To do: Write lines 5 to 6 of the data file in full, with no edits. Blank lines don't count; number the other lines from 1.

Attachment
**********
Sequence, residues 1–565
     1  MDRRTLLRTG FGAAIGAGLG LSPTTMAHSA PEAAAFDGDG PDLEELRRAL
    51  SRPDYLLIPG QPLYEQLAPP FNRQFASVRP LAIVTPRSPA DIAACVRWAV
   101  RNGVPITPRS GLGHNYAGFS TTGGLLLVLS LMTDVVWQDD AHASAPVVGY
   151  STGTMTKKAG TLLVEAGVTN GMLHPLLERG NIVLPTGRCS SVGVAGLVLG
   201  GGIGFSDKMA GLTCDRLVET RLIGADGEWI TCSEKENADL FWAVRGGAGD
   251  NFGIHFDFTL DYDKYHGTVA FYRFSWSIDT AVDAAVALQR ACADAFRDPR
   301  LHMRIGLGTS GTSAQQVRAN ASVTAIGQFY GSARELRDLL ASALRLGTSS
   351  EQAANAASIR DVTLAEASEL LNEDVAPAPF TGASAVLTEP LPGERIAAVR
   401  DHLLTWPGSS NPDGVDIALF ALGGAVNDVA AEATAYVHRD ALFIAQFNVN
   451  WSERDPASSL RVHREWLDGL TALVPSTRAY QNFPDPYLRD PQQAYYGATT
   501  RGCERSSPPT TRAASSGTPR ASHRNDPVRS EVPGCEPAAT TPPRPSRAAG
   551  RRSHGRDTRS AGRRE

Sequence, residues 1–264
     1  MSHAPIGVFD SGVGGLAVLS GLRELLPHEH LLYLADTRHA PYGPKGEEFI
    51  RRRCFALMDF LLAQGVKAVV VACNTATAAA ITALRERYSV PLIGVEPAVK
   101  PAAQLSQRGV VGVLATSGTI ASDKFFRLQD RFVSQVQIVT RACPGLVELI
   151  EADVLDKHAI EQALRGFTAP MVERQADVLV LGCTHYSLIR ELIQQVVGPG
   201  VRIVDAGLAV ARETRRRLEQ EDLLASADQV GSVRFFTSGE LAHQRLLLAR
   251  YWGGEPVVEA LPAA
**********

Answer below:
   151  STGTMTKKAG TLLVEAGVTN GMLHPLLERG NIVLPTGRCS SVGVAGLVLG
   201  GGIGFSDKMA GLTCDRLVET RLIGADGEWI TCSEKENADL FWAVRGGAGD